David Gerbi returned to Libya this year after 40 years in exile to help the rebel movement overthrow Muammar Qaddafi. Libyans he worked with knew he’s Jewish and did not seem to mind—they called him the “revolutionary Jew”—but when he announced he wanted to restore Tripoli’s synagogue, an angry mob threatened him while he was there praying. He has since left the country again, fearing for his safety.
It’s a depressing story, but it isn’t surprising. Anyone who believes anti-Semitism—not opposition to Israeli policies, but outright hatred of Jews—isn’t rampant in the Arab world is kidding themselves.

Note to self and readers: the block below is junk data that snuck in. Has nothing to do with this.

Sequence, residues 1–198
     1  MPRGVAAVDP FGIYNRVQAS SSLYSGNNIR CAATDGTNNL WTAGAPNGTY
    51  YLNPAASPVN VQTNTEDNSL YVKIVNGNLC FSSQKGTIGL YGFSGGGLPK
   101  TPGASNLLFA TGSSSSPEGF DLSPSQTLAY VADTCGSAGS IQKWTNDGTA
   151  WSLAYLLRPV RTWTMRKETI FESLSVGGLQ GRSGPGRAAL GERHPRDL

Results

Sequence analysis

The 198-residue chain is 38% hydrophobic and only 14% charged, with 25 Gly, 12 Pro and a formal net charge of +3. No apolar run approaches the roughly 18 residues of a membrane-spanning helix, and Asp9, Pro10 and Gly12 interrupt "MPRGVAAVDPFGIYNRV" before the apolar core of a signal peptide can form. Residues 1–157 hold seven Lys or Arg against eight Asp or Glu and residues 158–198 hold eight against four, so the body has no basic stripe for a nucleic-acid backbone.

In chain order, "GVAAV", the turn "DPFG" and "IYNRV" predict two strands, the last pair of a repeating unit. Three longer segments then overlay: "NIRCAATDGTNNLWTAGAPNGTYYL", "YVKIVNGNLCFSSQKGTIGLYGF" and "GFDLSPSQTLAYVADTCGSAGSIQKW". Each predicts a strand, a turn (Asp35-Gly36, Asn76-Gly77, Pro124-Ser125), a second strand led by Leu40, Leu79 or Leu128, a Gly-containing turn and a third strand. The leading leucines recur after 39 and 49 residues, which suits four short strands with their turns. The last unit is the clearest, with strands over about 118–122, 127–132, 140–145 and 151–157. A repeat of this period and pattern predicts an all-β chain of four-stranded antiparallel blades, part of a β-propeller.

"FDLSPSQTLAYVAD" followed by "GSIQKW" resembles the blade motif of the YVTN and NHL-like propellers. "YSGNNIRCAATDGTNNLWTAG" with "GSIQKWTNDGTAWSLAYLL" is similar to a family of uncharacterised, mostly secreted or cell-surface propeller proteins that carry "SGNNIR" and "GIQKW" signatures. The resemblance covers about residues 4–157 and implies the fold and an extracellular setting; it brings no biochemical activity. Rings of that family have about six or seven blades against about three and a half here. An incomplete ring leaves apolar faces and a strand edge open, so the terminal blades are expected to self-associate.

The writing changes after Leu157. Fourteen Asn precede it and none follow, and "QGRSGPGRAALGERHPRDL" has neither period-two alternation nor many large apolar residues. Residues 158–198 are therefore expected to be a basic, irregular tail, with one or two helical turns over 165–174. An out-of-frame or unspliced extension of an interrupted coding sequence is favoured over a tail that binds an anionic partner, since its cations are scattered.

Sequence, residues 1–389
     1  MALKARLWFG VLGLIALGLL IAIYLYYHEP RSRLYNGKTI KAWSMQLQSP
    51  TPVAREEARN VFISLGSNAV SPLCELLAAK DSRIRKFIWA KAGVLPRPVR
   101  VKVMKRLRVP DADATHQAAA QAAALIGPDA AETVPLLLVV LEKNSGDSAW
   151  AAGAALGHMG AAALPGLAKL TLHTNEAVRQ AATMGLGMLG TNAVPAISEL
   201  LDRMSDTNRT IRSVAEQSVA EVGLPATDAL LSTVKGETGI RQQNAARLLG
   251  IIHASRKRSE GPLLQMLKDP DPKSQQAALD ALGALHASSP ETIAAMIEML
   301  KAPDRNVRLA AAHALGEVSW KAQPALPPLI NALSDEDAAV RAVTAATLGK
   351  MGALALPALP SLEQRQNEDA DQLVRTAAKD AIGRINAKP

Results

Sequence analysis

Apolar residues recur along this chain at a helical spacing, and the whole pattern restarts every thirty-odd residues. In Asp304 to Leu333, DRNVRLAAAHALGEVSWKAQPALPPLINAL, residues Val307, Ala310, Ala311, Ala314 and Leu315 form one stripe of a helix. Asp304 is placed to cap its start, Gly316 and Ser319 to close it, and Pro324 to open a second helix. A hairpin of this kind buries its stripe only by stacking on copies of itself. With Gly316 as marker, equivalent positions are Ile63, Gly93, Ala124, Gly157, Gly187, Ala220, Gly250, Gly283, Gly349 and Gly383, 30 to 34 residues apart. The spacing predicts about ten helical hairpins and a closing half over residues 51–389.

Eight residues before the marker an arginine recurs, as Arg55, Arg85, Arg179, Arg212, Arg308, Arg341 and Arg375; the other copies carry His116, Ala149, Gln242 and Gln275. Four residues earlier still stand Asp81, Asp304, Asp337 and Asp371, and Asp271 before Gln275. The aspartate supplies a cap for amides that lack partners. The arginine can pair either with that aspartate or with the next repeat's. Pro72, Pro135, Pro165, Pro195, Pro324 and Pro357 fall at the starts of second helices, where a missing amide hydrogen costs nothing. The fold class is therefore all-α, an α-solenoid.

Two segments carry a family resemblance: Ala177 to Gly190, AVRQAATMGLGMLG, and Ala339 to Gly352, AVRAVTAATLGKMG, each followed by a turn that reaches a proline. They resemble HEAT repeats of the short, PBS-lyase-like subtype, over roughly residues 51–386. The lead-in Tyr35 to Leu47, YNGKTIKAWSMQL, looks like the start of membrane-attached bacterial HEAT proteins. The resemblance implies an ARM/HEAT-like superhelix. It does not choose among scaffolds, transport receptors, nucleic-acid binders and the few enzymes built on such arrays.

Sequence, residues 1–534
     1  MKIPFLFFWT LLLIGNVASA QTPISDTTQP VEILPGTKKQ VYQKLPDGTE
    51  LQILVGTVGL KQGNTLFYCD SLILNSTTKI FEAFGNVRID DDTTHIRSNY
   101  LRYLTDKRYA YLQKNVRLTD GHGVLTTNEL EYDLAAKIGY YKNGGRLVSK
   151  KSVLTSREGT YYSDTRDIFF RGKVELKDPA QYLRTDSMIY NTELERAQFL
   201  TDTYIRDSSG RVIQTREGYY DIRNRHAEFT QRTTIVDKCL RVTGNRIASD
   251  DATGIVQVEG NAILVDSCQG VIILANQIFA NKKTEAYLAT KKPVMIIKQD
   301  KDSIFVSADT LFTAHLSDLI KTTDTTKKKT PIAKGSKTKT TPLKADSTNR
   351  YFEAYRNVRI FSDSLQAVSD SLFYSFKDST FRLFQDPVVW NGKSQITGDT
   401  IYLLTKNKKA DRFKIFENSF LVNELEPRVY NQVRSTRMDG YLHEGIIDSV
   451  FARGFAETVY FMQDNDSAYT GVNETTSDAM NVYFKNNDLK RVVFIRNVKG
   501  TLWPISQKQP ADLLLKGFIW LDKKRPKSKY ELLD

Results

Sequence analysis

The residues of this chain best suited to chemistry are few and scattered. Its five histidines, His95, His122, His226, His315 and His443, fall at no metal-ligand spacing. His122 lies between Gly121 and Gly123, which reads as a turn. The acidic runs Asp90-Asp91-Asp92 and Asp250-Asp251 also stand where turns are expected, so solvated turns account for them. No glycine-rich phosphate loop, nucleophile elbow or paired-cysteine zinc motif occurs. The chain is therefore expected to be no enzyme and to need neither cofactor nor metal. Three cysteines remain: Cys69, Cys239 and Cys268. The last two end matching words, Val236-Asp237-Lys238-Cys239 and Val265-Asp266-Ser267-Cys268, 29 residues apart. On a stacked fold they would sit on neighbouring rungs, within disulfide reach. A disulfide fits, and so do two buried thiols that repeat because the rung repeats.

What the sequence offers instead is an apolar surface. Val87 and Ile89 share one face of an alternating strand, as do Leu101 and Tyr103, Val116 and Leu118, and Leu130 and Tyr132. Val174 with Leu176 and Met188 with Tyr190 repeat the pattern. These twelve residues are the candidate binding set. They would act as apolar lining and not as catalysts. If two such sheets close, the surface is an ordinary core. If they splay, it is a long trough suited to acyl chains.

It wasn’t always this way. Jews lived in Libya for thousands of years. They didn’t live there without incident, but they lived there. They lived throughout what is now the Arab world for thousands of years, and they lived in these places alongside an Arab majority for more than 1,000 years. The Arab world has been more bigoted against Jews in the last hundred years than it was at any time during the previous thousand.
If relations between Jews and Arabs were better in the past, they can be better again. But they aren’t getting better right now.